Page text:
Tribal Partnership Program

Collaborating to promote healthy indigenous futures and advance intergenerational guardianship of the Sierra Nevada

The Sierra Nevada is the Epicenter of California’s Tribal Genocide

Indigenous Tribes tended the Sierra Nevada for more than 7,500 years. Starting with the Gold Rush in California, and its epicenter in the Sierra Nevada, was the federal, state, and societally supported genocide of Native Americans. California Indigenous people experienced abductions, forced labor, removal of children from families, and massacres. During the Gold Rush period, 80% of all California Native Americans died. The tribal people who did survive experienced extreme discrimination, violence, and intimidation – including the limiting of oral histories. Many negotiated treaties in California were never signed or honored. This history of genocide and abuse in California, and in the Sierra Nevada region specifically, has been hidden for too long.

Reconciling the Past and Returning Indigenous Hands to Indigenous Lands

California tribes are vibrant sovereign communities that deserve active support and good partnership. The Sierra Fund shares a vision with tribes for restoring indigenous hands to indigenous lands. For tribes, culture is ecology and ecology is culture. Supporting tribal land guardianship helps support healthy indigenous futures, as well as promoting a thriving, healthy Sierra ecology. There is increased interest by government, businesses, and nonprofits to do land acknowledgments and to engage tribes in ‘their’ efforts. This is a step in the right direction. However, more steps are needed – including wide-scale adoption of tribal co-management, returning lands to tribes, and integrating tribes into decision-making from a project’s beginning. Governmental, NGO, and business communities have much work to do in reconciling the past and supporting indigenous leadership, guardianship, and healthy indigenous futures.

Our Commitment to Partnering with Tribes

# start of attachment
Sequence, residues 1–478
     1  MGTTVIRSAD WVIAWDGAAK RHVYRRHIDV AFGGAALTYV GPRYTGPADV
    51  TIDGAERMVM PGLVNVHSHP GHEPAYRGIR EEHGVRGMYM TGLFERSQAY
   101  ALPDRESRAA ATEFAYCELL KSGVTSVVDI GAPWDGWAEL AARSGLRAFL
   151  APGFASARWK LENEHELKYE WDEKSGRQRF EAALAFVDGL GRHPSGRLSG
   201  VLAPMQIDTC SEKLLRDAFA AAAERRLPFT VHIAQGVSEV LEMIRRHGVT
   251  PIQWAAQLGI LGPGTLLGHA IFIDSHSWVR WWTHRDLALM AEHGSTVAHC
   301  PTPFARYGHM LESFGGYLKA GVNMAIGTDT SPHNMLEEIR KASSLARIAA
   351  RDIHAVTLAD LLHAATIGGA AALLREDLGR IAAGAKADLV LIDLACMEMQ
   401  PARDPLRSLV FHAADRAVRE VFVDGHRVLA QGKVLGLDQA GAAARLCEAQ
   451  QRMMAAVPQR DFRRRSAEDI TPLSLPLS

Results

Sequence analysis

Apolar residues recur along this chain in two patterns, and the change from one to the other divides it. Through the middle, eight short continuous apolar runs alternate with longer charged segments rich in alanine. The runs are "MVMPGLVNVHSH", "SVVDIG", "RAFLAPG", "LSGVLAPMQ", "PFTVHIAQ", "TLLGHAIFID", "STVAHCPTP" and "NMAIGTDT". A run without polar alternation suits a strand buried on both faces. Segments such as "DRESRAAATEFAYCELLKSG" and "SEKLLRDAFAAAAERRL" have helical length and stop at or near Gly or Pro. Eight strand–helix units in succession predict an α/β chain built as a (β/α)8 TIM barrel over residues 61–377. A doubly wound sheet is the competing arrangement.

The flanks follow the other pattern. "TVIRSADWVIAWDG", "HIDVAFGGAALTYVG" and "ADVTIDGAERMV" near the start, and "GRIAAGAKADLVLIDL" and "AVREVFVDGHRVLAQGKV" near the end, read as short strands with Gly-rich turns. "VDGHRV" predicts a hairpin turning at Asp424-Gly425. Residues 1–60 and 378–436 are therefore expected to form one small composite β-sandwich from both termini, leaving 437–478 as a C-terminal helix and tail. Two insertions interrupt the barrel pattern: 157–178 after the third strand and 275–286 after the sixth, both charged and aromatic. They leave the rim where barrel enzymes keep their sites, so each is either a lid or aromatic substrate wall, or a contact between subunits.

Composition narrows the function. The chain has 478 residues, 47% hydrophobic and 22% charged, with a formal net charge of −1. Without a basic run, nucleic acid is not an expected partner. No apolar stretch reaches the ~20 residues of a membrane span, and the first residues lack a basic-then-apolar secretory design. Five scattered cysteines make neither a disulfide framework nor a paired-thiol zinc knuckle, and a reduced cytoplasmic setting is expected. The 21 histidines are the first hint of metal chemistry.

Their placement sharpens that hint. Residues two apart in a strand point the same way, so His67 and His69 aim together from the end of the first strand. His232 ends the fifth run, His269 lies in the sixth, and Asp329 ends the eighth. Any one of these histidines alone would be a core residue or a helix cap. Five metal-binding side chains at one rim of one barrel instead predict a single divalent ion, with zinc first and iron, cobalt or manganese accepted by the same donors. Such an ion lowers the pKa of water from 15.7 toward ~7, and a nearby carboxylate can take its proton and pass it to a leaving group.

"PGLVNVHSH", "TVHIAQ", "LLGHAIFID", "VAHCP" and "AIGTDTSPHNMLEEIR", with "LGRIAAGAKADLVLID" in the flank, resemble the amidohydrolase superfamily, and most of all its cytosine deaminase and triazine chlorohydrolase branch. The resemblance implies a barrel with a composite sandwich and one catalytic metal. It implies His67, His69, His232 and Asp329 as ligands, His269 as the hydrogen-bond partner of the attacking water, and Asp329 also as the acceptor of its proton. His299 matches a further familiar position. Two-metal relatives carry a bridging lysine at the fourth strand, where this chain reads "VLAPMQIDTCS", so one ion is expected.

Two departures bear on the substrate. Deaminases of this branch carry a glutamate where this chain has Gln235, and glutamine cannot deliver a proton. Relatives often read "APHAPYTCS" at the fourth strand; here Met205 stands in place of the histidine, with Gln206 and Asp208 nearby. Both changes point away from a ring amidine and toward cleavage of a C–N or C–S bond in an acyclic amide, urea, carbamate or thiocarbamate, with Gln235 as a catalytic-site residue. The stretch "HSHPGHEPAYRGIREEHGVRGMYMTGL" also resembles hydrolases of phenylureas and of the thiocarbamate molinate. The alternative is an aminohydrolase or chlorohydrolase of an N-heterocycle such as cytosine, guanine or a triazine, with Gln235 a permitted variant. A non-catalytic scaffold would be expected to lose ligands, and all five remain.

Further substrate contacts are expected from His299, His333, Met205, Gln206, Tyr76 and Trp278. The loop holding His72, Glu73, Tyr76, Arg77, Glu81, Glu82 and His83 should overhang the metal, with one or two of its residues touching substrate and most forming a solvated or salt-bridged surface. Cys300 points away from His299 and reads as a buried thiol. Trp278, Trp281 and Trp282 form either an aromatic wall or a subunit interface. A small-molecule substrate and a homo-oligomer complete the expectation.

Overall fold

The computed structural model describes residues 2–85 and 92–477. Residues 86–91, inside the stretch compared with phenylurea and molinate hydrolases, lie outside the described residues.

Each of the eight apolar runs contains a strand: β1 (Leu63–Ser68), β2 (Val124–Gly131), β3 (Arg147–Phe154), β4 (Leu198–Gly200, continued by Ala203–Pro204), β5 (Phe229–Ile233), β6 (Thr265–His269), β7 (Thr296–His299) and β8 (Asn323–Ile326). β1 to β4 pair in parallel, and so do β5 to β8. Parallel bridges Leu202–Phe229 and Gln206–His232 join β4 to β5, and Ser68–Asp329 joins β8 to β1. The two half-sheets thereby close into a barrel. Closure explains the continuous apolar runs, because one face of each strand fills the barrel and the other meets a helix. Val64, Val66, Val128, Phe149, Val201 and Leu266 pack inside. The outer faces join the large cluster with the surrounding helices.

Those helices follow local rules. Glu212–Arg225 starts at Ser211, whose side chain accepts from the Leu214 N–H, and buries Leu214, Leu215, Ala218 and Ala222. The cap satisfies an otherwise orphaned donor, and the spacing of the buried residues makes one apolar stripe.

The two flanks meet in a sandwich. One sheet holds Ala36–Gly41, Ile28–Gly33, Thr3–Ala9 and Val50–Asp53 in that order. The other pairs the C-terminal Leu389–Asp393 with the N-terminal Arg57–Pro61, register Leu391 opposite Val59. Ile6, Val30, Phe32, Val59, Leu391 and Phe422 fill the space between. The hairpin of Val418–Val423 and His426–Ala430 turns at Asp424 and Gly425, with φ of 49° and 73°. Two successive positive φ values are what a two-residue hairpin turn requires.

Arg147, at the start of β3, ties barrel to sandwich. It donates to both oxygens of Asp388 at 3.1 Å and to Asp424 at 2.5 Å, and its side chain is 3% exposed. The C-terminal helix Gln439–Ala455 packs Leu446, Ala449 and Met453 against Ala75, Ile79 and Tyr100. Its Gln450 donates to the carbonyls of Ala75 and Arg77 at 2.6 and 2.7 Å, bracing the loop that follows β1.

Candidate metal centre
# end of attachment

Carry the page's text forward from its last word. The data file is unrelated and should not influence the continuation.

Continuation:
• We, at the Sierra Fund, value and commit to establishing trust and creating bridges of understanding that reflect our high regard for cultural knowledge, and to work to protect Indigenous knowledge and knowledge-bearers from exploitation.
  • Listen. For a decade, The Sierra Fund has convened, and will continue to do, listening sessions with tribes to better understand their vision, goals, and needs, and to discover where our partnership is welcome or invited.
  • Co-create space (such as gatherings) for tribes to restore indigenous intergenerational guardianship.
  • Co-create partnerships and projects with tribes, when invited, that prioritize the expression of their tribally-defined aspirations, values, outcomes and evaluations.
  • Secure resources for tribal projects and visions, such as returning tribal lands to tribal hands (including land back and co-management arrangements), advancing tribal businesses, and supporting workforce development.
  • Offer scientific and other expertise, where helpful and invited.
  • Provide facilitation and consultation to tribal partners to support their work with federal, state, and local governments in leveraging resources.
  • Seek tribal input and participation, and when desired by the tribe pay for that input and participation, in The Sierra Fund projects.  Tribal expertise is no less valuable than other consulting expertise, such as engineers or environmental experts. As such, it should be paid for at comparable fee-scales.
  • Provide Culturally Sensitive Training to our Board, Staff and Contractors annually. Help all The Sierra Fund team members learn how to ensure that tribal partners experience respect and partnership in ways they want and appreciate.
Our land was taken more than 150 years ago. The trees, meadows, fish, and people have all been nearly destroyed. We are working with The Sierra Fund to restore our land, our water, and our culture.”

Shelly Covert
Tribal Council Secretary and Spokesperson, Nevada City Rancheria Nisenan Tribe